Keep monitoring news:comp.os.linux.announce to stay on top of what's happening in the Linux community. Subscribe to some of the mailing lists that interest you most. Read the Linux Gazette online every month, and subscribe to the Linux Journal, or buy it at your favorite newsstand like I do. Get in the habit of checking a few sites on a weekly basic and others monthly to keep up with what's going on in the Linux community worldwide. There are a few additional links below.

And while you're cruising through the newsgroups, take a look at all the software updates and new releases in news:comp.os.linux.announce since you started the course! And think want it would have cost you with the operating systems!

Looking through the Trades

Hardware prices are likely to continue to fall as they pave been for the past year or more, while performance will continue to go through the roof.

There are realistic expectations of achieving 10,000 MHz chips within a decade.

ADSL could be available within a year - perhaps 40 or 50 times faster than your 28.8 modem, and roughly the same price as conventional 56K or IDSN. We might all be using cable modems within 5 years at T3 or better speed for the same price or less than we are paying for 28.8/56 K service.

In 1996 and again last year (1997) the production and sales of mainframe computers has gone up about 55 to 60 percent, and sales are expected to quadruple by the year 2000. Corporations and web servers are returning to mainframes because they have become more cost effective.

As more and more end-users and businesses are taking a serious look at their computing needs and how to get more of it done in less time for less money, Linux will continue to expand. And with that expansion, commercial software manufacturers will start porting all their applications to Linux. Eventually, within 5 years say, this may reverse - development could very well become Linux native, porting applications to other operating systems that have been developed for Linux.


If you check the listing on the LDP homepage, you'll see some interesting projects that are currently in various stages of development: for example, the ongoing SEUL project to simplify the interface with the end user so they won't have to learn Linux inside out just to get it installed and configured properly.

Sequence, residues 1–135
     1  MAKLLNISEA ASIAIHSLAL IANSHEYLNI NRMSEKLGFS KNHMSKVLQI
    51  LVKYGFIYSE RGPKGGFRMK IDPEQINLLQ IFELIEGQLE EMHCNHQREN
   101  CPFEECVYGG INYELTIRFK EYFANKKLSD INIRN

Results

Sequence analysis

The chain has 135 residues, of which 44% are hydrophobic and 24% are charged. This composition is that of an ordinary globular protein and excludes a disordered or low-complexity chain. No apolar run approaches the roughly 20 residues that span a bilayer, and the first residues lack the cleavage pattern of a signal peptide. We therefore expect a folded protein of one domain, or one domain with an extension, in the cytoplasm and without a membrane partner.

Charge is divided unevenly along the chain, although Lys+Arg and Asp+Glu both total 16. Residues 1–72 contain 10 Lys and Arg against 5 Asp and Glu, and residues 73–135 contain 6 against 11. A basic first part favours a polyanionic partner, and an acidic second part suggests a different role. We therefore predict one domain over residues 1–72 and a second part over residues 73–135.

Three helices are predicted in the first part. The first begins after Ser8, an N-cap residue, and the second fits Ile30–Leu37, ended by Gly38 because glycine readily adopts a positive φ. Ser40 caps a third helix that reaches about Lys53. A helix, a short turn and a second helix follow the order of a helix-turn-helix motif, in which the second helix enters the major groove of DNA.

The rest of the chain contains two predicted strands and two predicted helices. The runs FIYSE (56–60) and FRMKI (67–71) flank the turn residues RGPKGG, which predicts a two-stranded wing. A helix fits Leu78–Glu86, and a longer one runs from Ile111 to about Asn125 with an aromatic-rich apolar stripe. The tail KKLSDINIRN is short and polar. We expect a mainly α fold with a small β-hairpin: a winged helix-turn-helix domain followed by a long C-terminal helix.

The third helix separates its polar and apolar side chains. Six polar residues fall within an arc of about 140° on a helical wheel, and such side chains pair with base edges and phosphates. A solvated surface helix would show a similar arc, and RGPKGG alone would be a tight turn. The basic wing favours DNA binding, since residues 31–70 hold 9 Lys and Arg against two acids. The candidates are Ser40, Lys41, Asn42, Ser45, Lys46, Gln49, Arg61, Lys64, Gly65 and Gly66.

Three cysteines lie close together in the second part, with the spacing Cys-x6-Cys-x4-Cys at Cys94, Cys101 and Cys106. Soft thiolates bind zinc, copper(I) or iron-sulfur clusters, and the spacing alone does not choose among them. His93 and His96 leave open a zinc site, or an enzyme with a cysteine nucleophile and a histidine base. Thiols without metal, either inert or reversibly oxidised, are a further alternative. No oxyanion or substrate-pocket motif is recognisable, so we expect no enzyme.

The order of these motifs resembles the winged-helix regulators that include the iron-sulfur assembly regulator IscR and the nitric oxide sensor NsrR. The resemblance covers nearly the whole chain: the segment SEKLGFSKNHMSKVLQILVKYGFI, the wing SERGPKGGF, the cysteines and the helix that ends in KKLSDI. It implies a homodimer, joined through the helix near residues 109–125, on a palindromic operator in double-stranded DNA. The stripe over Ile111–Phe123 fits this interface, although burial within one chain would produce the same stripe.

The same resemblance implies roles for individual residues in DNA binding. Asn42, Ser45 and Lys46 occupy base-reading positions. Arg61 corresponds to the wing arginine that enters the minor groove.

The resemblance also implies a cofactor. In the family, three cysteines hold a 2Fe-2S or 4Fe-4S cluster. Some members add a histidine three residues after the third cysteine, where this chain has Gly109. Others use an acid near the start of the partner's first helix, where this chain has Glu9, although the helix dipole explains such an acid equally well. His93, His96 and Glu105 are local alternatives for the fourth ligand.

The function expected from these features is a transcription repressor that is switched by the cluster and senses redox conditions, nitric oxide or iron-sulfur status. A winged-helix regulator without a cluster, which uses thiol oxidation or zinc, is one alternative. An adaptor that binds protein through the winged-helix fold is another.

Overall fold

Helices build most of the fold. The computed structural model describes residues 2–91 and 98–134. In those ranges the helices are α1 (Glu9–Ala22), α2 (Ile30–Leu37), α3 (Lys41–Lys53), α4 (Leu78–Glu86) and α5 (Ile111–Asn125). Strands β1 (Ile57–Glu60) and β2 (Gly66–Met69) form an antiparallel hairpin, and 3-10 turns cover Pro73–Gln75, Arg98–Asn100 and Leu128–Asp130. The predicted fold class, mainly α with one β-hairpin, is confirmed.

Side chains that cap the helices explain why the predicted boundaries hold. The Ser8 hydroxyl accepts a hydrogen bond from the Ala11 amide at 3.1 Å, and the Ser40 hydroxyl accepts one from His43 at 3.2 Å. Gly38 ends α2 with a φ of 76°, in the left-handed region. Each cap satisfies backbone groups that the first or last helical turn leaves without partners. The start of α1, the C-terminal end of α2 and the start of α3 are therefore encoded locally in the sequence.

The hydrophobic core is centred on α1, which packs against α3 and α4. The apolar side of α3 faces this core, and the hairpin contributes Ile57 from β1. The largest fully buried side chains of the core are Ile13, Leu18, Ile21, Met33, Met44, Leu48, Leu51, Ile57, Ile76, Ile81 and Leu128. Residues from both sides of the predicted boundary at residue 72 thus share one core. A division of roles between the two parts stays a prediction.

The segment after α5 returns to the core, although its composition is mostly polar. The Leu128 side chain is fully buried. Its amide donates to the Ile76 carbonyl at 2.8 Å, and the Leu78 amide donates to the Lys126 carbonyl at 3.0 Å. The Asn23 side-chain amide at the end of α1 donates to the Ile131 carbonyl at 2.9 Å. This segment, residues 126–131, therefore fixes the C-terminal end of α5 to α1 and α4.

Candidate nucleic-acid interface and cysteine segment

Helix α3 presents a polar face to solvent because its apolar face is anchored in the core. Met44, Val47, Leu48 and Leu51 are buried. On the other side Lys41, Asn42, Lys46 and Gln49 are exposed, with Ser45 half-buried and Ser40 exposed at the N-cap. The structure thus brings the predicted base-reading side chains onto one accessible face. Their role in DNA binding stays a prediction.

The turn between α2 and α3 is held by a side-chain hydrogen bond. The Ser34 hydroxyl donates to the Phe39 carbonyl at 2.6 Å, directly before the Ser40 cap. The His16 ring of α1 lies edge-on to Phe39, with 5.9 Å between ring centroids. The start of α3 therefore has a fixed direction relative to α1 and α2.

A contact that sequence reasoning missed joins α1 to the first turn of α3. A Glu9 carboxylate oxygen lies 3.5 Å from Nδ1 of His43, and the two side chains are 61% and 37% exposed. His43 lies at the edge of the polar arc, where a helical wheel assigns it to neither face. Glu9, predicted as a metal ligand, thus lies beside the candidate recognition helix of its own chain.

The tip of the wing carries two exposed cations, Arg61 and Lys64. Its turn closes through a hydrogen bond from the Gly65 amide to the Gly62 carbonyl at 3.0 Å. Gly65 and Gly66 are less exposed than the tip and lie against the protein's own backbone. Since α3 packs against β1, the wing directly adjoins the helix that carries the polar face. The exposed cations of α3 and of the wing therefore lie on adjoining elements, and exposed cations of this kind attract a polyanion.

There are several major projects getting increasing support - voluntary hardware certification will pick up as more and more manufacturers see the potential in the explosive growth of Linux, there are projects to simplify the installation and configuration process, and a certification project for Linux consultants technicians and engineers.

All of this will mean that Linux will get better and become more popular as it becomes easier to install, configure, and use. With that popularity will come even more support from hardware manufacturers and software developers.

And, yes, Virginia, with more talented word smiths, the HOWTOs and mini-HOWTOs will get more readable ;-) Something that is long overdue.

There's still the question of the first killer app, though. No one has any idea what it will be, where it will come from, or when. But with literally tens of thousands of experienced programmers and hackers working on various parts, it could come at any time. Also, with the explosive growth of Linux in the last 12 to 18 months, hardware manufacturers are beginning to take notice of the potential market of Linux users. (Red Hat has revised it's estimate of Linux users worldwide as possibly 7 to 10 millions. That sounds reasonable to me, but no one really knows because there are no expensive licenses to count.)



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Date last revised: 5 June 1998

Copyright © 1997, 1998 Henry White. All Rights Reserved.